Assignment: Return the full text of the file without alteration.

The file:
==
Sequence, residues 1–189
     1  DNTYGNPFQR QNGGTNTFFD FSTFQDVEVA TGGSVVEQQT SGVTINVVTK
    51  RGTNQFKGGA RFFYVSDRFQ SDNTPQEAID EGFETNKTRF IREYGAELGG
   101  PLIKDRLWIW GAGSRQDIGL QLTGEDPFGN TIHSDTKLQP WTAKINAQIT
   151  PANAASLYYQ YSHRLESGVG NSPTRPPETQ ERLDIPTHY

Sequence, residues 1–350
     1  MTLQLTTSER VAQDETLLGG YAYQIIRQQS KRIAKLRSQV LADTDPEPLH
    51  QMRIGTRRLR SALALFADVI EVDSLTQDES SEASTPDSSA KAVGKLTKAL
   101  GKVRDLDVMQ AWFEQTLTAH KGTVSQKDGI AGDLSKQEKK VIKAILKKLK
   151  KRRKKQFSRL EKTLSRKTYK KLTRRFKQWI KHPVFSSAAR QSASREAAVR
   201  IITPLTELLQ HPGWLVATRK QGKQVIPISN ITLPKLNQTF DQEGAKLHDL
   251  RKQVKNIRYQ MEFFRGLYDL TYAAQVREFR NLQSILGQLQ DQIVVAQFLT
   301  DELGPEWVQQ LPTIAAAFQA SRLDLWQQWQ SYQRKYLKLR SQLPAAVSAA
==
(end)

Sequence, residues 1–189
     1  DNTYGNPFQR QNGGTNTFFD FSTFQDVEVA TGGSVVEQQT SGVTINVVTK
    51  RGTNQFKGGA RFFYVSDRFQ SDNTPQEAID EGFETNKTRF IREYGAELGG
   101  PLIKDRLWIW GAGSRQDIGL QLTGEDPFGN TIHSDTKLQP WTAKINAQIT
   151  PANAASLYYQ YSHRLESGVG NSPTRPPETQ ERLDIPTHY

Sequence, residues 1–350
     1  MTLQLTTSER VAQDETLLGG YAYQIIRQQS KRIAKLRSQV LADTDPEPLH
    51  QMRIGTRRLR SALALFADVI EVDSLTQDES SEASTPDSSA KAVGKLTKAL
   101  GKVRDLDVMQ AWFEQTLTAH KGTVSQKDGI AGDLSKQEKK VIKAILKKLK
   151  KRRKKQFSRL EKTLSRKTYK KLTRRFKQWI KHPVFSSAAR QSASREAAVR
   201  IITPLTELLQ HPGWLVATRK QGKQVIPISN ITLPKLNQTF DQEGAKLHDL
   251  RKQVKNIRYQ MEFFRGLYDL TYAAQVREFR NLQSILGQLQ DQIVVAQFLT
   301  DELGPEWVQQ LPTIAAAFQA SRLDLWQQWQ SYQRKYLKLR SQLPAAVSAA